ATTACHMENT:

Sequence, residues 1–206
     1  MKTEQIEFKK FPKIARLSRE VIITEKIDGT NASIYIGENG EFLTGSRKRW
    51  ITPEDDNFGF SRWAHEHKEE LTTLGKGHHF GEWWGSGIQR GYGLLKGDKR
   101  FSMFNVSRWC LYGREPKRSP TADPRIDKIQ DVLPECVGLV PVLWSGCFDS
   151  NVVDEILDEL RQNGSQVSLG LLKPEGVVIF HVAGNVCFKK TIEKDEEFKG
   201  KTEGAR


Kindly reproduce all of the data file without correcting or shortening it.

Sequence, residues 1–206
     1  MKTEQIEFKK FPKIARLSRE VIITEKIDGT NASIYIGENG EFLTGSRKRW
    51  ITPEDDNFGF SRWAHEHKEE LTTLGKGHHF GEWWGSGIQR GYGLLKGDKR
   101  FSMFNVSRWC LYGREPKRSP TADPRIDKIQ DVLPECVGLV PVLWSGCFDS
   151  NVVDEILDEL RQNGSQVSLG LLKPEGVVIF HVAGNVCFKK TIEKDEEFKG
   201  KTEGAR